TATAMAGOUCHE – A recently released report card grading school successes has ranked North Colchester High School (NCHS) third in the province.
Atlantic Institute for Market Studies (AIMS), a non-partisan social and economic public policy think-tank based in Halifax, released its ninth annual school report card on Wednesday ranking 54 schools.
“I was really excited because everybody works really well together here,” said Kerri Veno, NCHS student council president.
“It’s kind of motivating for sure.”
The report card looks at school performances from 2006 to 2009 and issues grades based on two categories – achievement and engagement. Some of the items considered are exam marks, enrollment in post-secondary studies, attendance, pupil-teacher ratio and teacher qualifications.
“It’s a good day here at the school,” said NCHS principal Tom Thomson. “We’re happy.”
Thomson is a new face at the school, taking over the role of principal from Greg MacLellan who retired last June. He credits his predecessor, staff and students for achieving such a high position in the standings.
MacLellan said it was “nice” to hear the school was in the top three.
“It seems like we’re progressing every year,” he said. “They’re a group of great students and they respond nicely to the teachers and they study hard.”
While the rural high school, with an enrollment of about 114 students, received a B+ grade, the much larger Cobequid Educational Centre in Truro with 1,572 students was issued a C+ and listed in 33rd position, up from 49th place last year.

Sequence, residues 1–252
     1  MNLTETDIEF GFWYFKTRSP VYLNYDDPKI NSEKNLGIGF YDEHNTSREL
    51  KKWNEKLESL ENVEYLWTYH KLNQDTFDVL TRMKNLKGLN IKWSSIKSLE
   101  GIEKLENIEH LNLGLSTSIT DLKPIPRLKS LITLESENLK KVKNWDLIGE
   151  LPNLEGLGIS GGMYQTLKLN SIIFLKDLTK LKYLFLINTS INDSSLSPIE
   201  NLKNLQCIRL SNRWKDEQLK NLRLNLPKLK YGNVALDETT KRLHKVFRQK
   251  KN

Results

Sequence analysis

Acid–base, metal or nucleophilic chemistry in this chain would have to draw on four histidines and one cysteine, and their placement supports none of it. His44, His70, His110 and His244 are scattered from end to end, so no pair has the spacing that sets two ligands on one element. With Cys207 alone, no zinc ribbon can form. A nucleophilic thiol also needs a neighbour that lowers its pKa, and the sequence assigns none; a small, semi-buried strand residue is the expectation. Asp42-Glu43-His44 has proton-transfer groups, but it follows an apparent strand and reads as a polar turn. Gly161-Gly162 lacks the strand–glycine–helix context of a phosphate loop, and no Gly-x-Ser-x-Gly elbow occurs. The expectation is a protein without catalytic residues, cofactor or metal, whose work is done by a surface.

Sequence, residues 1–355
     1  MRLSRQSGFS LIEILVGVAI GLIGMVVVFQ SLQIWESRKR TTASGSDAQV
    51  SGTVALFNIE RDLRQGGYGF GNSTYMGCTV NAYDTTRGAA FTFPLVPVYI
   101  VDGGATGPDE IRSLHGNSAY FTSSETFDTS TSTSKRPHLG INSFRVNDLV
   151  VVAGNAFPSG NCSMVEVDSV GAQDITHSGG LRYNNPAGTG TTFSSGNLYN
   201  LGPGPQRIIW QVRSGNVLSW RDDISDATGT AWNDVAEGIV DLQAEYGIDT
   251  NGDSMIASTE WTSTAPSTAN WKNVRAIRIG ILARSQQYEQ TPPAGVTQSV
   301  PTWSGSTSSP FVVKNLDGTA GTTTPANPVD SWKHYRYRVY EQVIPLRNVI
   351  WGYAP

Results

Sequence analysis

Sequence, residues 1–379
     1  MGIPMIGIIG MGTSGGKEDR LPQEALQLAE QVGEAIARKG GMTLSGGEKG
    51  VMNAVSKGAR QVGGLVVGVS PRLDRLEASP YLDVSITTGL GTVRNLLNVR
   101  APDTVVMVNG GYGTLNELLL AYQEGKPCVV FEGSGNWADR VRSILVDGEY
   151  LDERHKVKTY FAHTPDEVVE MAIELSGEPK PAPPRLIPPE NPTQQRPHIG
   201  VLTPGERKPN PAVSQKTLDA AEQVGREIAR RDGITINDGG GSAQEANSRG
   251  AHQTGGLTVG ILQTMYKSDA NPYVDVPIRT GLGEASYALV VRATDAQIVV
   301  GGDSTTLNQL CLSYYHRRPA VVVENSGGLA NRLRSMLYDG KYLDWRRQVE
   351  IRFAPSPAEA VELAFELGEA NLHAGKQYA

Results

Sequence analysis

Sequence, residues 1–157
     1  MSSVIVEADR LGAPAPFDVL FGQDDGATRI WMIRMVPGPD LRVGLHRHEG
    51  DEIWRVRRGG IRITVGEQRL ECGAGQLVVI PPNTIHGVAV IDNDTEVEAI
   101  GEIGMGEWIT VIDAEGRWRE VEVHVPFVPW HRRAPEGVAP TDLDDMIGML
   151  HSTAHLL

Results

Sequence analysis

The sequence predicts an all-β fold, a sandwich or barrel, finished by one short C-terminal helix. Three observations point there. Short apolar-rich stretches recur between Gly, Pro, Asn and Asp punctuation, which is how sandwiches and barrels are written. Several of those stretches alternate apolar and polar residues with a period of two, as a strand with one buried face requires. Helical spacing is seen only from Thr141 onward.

Brookfield’s South Colchester Academy, with 434 students, placed 42nd on the list, up from 59 of 60 ranked in 2010, also receiving a C+.
SCA principal Nevin Jackson said while the AIMS document is “a powerful report,” both community members and stakeholders will react to, he feels there are other sources of data that more accurately depict school accomplishments.
“That would not be a report to cause me to immediately react,” said Jackson.
“I’m certainly glad to see that we are moving in a positive direction but there is certainly key criteria that is omitted from their overall formula.”
Gary Clarke, Chignecto-Central Regional School Board superintendent, said the board continually works to improve schools and the AIMS report is one of several sources of data they look at to identify strengths and weakness.
However, dramatic changes in the ranking of schools are a concern, and the report does not show “distinct trends we can sink our teeth into.”
“A report like this that ranks the schools like that, that doesn’t tell the whole picture can sometimes do more harm than good,” said the superintendant.
Dr. John Hugh Gillis Regional High School in Antigonish was at the top of the list with an A- grade, moving up from fourth place in 2010.
This year, Cape Breton Highlands Academy took second place with a B+ grade, dropping from its No. 1 position in 2010.
Oxford Regional High School in Cumberland County fell to the bottom of the list.
The entire report can be found at www.AIMS.ca.
School Grade rank 2011 rank 2010 student enrollment
*NCHS B+ 3/54 8/60 114
*CEC C+ 33/54 49/60 1572
*SCA C+ 42/54 59/60 434
* North Colchester High School, Cobequid Educational Centre, South Colchester Academy